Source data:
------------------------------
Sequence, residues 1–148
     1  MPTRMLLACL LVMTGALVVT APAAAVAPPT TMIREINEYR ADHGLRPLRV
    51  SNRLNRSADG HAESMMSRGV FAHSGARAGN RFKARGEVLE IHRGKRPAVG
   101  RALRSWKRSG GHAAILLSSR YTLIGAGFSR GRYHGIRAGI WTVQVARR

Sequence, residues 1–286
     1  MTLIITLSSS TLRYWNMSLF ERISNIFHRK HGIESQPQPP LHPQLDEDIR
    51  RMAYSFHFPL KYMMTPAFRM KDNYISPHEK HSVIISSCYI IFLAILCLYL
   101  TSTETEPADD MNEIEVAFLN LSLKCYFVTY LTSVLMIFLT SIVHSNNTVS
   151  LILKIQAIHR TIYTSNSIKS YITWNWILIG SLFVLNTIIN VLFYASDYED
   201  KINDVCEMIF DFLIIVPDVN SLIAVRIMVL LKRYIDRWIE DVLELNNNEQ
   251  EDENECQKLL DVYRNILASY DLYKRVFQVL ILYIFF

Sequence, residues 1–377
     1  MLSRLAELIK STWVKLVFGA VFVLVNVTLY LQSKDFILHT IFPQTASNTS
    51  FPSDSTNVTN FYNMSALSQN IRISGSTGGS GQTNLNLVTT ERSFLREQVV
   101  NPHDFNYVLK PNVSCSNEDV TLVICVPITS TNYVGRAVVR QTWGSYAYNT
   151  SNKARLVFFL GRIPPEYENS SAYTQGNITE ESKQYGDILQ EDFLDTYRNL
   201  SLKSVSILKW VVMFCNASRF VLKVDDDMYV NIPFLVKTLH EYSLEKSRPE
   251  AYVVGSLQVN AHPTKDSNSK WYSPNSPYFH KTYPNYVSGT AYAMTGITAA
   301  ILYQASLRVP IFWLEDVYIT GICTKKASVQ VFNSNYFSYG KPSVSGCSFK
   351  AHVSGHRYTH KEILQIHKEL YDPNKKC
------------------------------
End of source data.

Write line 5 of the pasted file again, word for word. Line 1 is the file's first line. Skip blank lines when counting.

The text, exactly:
Sequence, residues 1–286